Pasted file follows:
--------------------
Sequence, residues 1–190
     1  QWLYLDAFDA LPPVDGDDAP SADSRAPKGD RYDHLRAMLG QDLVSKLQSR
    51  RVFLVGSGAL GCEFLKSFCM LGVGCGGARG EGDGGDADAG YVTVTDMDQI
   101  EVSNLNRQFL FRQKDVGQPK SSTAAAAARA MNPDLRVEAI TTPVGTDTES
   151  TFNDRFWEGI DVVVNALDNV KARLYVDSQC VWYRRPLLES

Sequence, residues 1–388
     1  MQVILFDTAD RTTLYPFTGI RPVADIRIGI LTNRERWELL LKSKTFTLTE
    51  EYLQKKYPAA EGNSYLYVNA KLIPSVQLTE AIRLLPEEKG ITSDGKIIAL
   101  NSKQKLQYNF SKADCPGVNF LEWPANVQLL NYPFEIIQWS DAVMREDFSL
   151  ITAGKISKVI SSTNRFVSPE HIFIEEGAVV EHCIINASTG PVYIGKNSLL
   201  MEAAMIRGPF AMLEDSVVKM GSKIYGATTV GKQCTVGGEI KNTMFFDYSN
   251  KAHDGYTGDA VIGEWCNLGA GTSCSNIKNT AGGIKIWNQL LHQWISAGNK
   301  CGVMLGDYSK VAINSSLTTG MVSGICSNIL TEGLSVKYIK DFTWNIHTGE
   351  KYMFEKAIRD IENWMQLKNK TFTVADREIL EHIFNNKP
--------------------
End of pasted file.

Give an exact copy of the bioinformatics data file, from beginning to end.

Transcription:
Sequence, residues 1–190
     1  QWLYLDAFDA LPPVDGDDAP SADSRAPKGD RYDHLRAMLG QDLVSKLQSR
    51  RVFLVGSGAL GCEFLKSFCM LGVGCGGARG EGDGGDADAG YVTVTDMDQI
   101  EVSNLNRQFL FRQKDVGQPK SSTAAAAARA MNPDLRVEAI TTPVGTDTES
   151  TFNDRFWEGI DVVVNALDNV KARLYVDSQC VWYRRPLLES

Sequence, residues 1–388
     1  MQVILFDTAD RTTLYPFTGI RPVADIRIGI LTNRERWELL LKSKTFTLTE
    51  EYLQKKYPAA EGNSYLYVNA KLIPSVQLTE AIRLLPEEKG ITSDGKIIAL
   101  NSKQKLQYNF SKADCPGVNF LEWPANVQLL NYPFEIIQWS DAVMREDFSL
   151  ITAGKISKVI SSTNRFVSPE HIFIEEGAVV EHCIINASTG PVYIGKNSLL
   201  MEAAMIRGPF AMLEDSVVKM GSKIYGATTV GKQCTVGGEI KNTMFFDYSN
   251  KAHDGYTGDA VIGEWCNLGA GTSCSNIKNT AGGIKIWNQL LHQWISAGNK
   301  CGVMLGDYSK VAINSSLTTG MVSGICSNIL TEGLSVKYIK DFTWNIHTGE
   351  KYMFEKAIRD IENWMQLKNK TFTVADREIL EHIFNNKP